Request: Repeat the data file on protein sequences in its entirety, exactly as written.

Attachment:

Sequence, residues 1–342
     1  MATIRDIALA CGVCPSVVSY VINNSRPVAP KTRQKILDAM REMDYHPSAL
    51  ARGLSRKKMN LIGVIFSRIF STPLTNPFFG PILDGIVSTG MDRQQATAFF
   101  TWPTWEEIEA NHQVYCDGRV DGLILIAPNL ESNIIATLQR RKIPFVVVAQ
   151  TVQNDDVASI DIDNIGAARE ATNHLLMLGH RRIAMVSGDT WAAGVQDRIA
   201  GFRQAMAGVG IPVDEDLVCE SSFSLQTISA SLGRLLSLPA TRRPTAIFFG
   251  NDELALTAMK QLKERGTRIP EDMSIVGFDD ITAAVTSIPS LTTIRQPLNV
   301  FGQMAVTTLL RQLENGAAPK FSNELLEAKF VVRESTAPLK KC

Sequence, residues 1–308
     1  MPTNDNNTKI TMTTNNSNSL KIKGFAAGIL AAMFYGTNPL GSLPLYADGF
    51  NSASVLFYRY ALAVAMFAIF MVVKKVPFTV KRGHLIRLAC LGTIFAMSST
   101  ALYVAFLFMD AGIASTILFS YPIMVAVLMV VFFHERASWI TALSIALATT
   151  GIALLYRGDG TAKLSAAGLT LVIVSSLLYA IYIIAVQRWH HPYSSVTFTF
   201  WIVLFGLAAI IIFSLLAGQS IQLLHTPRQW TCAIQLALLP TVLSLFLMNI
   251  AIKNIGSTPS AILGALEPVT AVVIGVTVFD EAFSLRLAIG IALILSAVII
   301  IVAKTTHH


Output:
Sequence, residues 1–342
     1  MATIRDIALA CGVCPSVVSY VINNSRPVAP KTRQKILDAM REMDYHPSAL
    51  ARGLSRKKMN LIGVIFSRIF STPLTNPFFG PILDGIVSTG MDRQQATAFF
   101  TWPTWEEIEA NHQVYCDGRV DGLILIAPNL ESNIIATLQR RKIPFVVVAQ
   151  TVQNDDVASI DIDNIGAARE ATNHLLMLGH RRIAMVSGDT WAAGVQDRIA
   201  GFRQAMAGVG IPVDEDLVCE SSFSLQTISA SLGRLLSLPA TRRPTAIFFG
   251  NDELALTAMK QLKERGTRIP EDMSIVGFDD ITAAVTSIPS LTTIRQPLNV
   301  FGQMAVTTLL RQLENGAAPK FSNELLEAKF VVRESTAPLK KC

Sequence, residues 1–308
     1  MPTNDNNTKI TMTTNNSNSL KIKGFAAGIL AAMFYGTNPL GSLPLYADGF
    51  NSASVLFYRY ALAVAMFAIF MVVKKVPFTV KRGHLIRLAC LGTIFAMSST
   101  ALYVAFLFMD AGIASTILFS YPIMVAVLMV VFFHERASWI TALSIALATT
   151  GIALLYRGDG TAKLSAAGLT LVIVSSLLYA IYIIAVQRWH HPYSSVTFTF
   201  WIVLFGLAAI IIFSLLAGQS IQLLHTPRQW TCAIQLALLP TVLSLFLMNI
   251  AIKNIGSTPS AILGALEPVT AVVIGVTVFD EAFSLRLAIG IALILSAVII
   301  IVAKTTHH